We had spent the last few nights in San Cristobal (about 5 hours from Palenque by bus) and although there were tons of tours (about 300 pesos each) to Palenque, they were all day trips with about 2 hours at the ruins. 2 hours at my first mayan ruins in the jungle? Clearly not enough time. We left our stuff at the hostel and set out with an overnight bag to Palenque. The trip from San Cristobal to Palenque travels right through Zapatista terrority, the indigenous army that started a revolution in 1994. Still unresolved, the violence has for the most part died down although the political conflict continues with the occasional violent outbreaks. A number of small indigenous autonomous zones exist in Chiapas, ruled exclusively by the Zapatistas without any Mexican government involvement. Since we’d be traveling through these areas we took heed and decided for safety it would be best to travel during the day. There are still infrequent reports of bus robberies, etc… on this route at night. The five hour journey was incredible. Where the north of Mexico was dry and desert, Chiapas is fresh alpine highlands, cloud forests and indigenous villages mixed with lush rain forests comprising ancient Mayan lands. Constantly twisting and turning on the road, we saw signs demarcating the Zapatista autonomous zones. Sorry, we weren’t willing to hop off the bus, so no pictures.
Arriving in Palenque we hopped on a collectivo to the jungle to find out cabana for the night. We stayed at a small group of cabanas nestled in a meadow not more than 3km from the actual ruins. It was my first time in the jungle (one of many firsts on the trip!) and although Danny thought nothing of it, the best part of our stay there was the howler monkey we saw on the way to dinner. (Didn’t get a picture though, besides its huevos were hanging out and who wants to see that anyhow!) My first night in the jungle and my first monkey in the wild. 🙂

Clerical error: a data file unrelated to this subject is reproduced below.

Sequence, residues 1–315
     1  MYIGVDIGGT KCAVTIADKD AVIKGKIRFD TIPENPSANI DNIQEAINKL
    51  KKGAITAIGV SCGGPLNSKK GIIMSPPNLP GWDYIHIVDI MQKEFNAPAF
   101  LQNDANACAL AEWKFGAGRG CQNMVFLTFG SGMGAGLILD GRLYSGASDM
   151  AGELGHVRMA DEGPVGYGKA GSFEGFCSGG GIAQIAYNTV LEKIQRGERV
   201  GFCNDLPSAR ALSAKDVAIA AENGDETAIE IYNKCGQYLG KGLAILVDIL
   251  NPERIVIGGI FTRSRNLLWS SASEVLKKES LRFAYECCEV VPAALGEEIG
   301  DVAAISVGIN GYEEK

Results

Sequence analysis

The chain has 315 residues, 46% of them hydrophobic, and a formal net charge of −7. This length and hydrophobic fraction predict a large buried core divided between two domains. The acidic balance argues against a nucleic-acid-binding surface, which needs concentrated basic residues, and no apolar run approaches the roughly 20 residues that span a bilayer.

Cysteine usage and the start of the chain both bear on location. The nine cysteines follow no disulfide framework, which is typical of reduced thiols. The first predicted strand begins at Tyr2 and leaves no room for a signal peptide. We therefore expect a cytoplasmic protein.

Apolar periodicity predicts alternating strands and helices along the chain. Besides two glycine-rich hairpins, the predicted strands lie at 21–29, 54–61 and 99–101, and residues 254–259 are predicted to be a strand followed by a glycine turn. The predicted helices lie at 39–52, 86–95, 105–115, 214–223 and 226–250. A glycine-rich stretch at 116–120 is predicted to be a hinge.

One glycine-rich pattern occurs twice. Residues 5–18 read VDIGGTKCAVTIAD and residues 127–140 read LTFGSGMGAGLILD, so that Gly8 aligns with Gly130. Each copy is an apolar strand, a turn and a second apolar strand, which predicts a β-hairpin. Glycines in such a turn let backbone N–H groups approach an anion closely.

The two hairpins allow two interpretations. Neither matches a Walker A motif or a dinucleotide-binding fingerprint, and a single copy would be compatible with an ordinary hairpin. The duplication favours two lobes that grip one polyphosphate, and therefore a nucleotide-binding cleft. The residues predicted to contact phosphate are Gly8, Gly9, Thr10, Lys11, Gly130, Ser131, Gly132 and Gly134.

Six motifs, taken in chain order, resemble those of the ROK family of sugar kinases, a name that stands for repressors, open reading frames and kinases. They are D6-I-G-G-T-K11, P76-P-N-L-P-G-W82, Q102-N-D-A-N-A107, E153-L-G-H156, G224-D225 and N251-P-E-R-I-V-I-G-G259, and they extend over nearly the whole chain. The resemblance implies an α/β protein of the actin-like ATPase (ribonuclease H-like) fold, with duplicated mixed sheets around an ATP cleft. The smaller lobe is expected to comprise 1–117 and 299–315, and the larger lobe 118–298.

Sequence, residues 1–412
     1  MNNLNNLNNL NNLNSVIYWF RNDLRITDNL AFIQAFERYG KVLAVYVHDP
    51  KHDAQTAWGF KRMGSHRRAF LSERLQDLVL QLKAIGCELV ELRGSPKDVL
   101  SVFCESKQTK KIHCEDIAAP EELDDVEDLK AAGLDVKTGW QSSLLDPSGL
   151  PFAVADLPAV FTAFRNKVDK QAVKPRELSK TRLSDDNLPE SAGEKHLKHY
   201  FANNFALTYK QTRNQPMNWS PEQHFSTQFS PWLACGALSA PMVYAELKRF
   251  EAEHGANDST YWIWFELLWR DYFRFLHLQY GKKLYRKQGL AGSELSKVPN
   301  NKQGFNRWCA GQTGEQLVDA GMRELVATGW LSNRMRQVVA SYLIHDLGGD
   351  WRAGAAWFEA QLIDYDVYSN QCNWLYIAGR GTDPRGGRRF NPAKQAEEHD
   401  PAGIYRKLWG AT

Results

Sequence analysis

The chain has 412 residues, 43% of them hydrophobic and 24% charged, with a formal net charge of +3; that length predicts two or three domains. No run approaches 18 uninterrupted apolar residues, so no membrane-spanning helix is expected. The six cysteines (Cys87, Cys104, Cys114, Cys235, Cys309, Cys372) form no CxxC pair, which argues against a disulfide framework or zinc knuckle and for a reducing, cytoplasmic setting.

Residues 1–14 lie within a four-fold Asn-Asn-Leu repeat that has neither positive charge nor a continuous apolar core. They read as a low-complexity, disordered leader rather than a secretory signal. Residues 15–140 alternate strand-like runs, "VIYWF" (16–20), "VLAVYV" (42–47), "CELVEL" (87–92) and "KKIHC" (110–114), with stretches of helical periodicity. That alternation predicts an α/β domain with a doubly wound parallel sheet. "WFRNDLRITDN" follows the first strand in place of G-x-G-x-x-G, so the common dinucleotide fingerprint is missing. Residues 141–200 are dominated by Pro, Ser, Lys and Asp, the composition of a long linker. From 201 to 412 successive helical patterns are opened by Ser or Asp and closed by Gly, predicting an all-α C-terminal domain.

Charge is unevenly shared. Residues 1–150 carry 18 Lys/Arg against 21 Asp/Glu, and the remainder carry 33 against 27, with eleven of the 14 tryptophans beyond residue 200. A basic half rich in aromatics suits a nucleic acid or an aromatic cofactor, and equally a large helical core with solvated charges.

We made a beeline for the ruins when they opened the next morning and spent four hours wandering through pyramids, temples, and looking at the glyphs. At the top of one pyramid we heard this awful screeching noise that sounded like a pack of hungry lions on the hunt. Excitedly Danny said, those are howler monkeys and headed for the jungle. Following somewhat skeptically behind him [Editor’s Note from Danny – Jill actually thought the sounds were from speakers to help create atmosphere- is this disney world?] the howling grew louder and louder. Each time I asked again, are you sure those are monkey’s? The screeching was constant and as we made our way up the path following their noises we were joined by other people also looking for the monkeys. It was my favorite part of the ruins. In all different languages people kept yelling “Do you see them?” and as we climbed higher up the mountain. It was thick jungle and the soil was loose so by the time we decided to turn around (monkey’s still unseen) we were covered in dirt, but beaming from ear to ear. No monkey’s this time, but we know they exist in Palenque!
Brushing ourselves off to look presentable enough to join the other tourists, we continued to explore the ruins. Climbing the pyramids one by one was a feat in and of itself. Seriously. We are in good shape and by the time we reached the top of the third one our chests were heaving. Some of the pyramids seem to have hundreds of stairs, so by the time you reach the top you just want to sit and collapse. But you can’t, because its HOT. Really hot. It is a jungle out there. 🙂
Although the major pyramids and groups of ruins are completely excavated and tower several stories above the ground, we enjoyed the small residential buildings the most. Almost completely consumed by the jungle, these ruins are less visited and seem not to be restored or preserved in any way. We were able to crawl through tunnels, visit inner chambers and even see a subterranean burial chamber (did I mention it was pitch black in there?) under a home. It was a pretty cool experience and although the pyramids are impressive, the smaller ruins were by far more of the “ancient jungle ruin” experience I was looking for. I’m sure in a few months I’ll think nothing of ancient mayan ruins towering in the jungle or monkey’s in trees, but it really was a “discovery channel” moment climbing under the homes and through the jungle looking for monkeys.